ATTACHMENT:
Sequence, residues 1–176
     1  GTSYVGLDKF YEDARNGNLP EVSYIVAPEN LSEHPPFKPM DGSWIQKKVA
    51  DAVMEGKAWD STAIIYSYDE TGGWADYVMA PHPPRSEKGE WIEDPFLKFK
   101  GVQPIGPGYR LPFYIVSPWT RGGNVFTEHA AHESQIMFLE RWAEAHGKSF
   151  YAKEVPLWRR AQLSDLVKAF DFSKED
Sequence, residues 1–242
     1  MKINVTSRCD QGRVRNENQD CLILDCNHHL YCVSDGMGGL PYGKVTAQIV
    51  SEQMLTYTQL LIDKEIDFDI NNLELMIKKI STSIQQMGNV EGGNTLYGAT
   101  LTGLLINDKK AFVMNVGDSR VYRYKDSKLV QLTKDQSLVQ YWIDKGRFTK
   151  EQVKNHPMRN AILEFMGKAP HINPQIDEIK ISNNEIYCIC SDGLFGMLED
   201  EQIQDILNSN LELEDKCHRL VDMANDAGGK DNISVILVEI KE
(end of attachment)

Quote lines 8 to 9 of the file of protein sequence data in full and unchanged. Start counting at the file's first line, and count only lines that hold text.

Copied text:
    51  SEQMLTYTQL LIDKEIDFDI NNLELMIKKI STSIQQMGNV EGGNTLYGAT
   101  LTGLLINDKK AFVMNVGDSR VYRYKDSKLV QLTKDQSLVQ YWIDKGRFTK